Guest Post: Mindful in the City by Erin Patel

It’s with great pleasure that I introduce the first guest post on my blog, written by the beautiful Erin Patel of Coffee Talk with Erin : Bookgirloz. Erin has been a great support and encouragement over the interwebs, and I’m in love with the personable, understanding and intelligent voice that I find in her writing. I’m very excited to feature her today and I hope you enjoy her post on being Mindful in the City as much as I do – ‘cos we all need more of that! Give it up for Erin!

FOCUS: Mindfulness in the City

Mindful in the City by Erin Patel

Modern city life can be overwhelming. Whether you are a mother, student or a business owner, we are all busy. Even small children have schedules like mini-adults, being shepherded from activity to activity on a daily basis. We have little opportunity for downtime and this can slowly affect our ability to live purposefully.

How often do you lie in bed at night, sleep evading you because your mind is recounting the day’s events or making plans for tomorrow? You may dwell on something a colleague has said. Your thoughts begin to build up until your body stress response is activated and you are suddenly nervous or angry about something that five minutes ago wasn’t even on your radar. Our minds are designed to wander, it is how we create and imagine. This said, going through life with a wandering mind means that we are operating on autopilot.

Think of all the things that you do without intention. Do you take the same spot in your yoga class, sit in the same chair in board meetings, drive to a destination and hardly remember how you managed to get there or check your phone as you walk when you haven’t received a call, email or text? Do you eat when you aren’t hungry? Do you find that you are dwelling on events that you have no control over or that are insignificant in the scheme of things?

The idea behind mindfulness is to be present in the moment. My definition of mindfulness does not involve travelling to an ashram in India (although Elizabeth Gilbert had the right idea in principal) or going on retreat. It does not have to involve meditation if you do not want it to, although I highly recommend that you try it. It is choosing to be mindful in your actions rather than acting without thinking. We each have to find our own way to be mindful in order for it to fit in with our lifestyle.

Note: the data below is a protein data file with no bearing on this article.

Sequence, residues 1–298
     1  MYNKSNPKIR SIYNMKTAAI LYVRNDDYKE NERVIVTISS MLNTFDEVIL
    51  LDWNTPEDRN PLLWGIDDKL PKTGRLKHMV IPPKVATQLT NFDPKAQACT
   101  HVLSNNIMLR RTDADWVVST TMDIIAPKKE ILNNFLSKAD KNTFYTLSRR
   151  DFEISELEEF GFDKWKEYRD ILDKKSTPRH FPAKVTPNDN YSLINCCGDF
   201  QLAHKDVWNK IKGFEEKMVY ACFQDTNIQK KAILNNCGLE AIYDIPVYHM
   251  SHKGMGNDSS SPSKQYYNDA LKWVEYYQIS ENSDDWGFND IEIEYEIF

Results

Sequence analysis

Here are some of the things I have done recently in an attempt to be more mindful:

As I run a brush through my hair with gentle strokes, I take a moment to enjoy the sensation.

My children and I leave early for day care and stomp in the autumn leaves lining the footpath. Rather than rushing, we point out the colours of the flowers and the leaves and we sing songs.

FOCUS: Mindfulness in the City

A cup of coffee at my local café provides another mindful minute or two. Instead of reaching for my iPhone, I wrap my cold hands around the warm mug and spend a few moments focusing on the taste of the coffee.

Recently I was at my local Medicare Centre where I had to wait for over 30 minutes with my overtired baby. A 3 minute meditation took care of this and allowed me to control my frustration. My calmness also calmed my baby. The aim was not to erase the emotions, rather watch them come and go like you would the clouds in the sky. I took notice of the effect that these feelings had on my physical body. Focusing on my breath allowed me to relax slightly.

At the end of the day, dinner is usually one big massive rush in my household. I’m tired, I’m feeling rushed and I am watching the clock, trying to make it to the kids’ bed time. Mindfulness is not about berating yourself and ignoring your emotions. It is about being kind to yourself and observing the stressful emotions as a passing sensation. In times like these I try not to worry about whether they eat everything on their plate. Trying new recipes and introducing new foods is an act of mindfulness in my view. On nights that are particularly difficult, I remind myself that scrambled eggs and salad is not a failure.

Before bed, I spend ten minutes focusing on my breath. When my mind wanders, I draw it back to the breath. I immediately fall asleep and my slumber is deep. It is a reminder that mindfulness is something that is achievable and, like exercise and healthy eating, should be a part of my everyday life.

Do you practice “mindfulness” in your daily life? What works for you?

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About Erin

Erin Patel

Erin Patel is a young mum, aspiring writer, blogger and healthy living advocate. She lives in the inner west of Sydney and has a rather large obsession with books and coffee. You can read all about her at her blog Coffee Talk with Erin : Bookgirloz

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